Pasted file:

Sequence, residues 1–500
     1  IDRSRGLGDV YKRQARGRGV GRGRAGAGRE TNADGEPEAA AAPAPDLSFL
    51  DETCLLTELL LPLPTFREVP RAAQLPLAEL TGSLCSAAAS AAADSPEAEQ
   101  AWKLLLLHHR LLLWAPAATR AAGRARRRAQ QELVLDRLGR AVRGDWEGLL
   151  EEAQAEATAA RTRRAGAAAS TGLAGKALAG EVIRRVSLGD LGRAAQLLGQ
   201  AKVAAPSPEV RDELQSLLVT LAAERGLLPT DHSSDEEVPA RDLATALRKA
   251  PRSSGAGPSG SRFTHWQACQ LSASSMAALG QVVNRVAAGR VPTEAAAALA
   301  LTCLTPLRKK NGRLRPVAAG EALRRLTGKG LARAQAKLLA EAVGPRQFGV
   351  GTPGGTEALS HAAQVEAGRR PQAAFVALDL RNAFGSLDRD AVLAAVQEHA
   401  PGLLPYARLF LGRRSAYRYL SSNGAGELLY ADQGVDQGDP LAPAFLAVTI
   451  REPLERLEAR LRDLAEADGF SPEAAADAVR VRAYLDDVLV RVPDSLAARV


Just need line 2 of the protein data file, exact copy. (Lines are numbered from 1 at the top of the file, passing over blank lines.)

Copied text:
     1  IDRSRGLGDV YKRQARGRGV GRGRAGAGRE TNADGEPEAA AAPAPDLSFL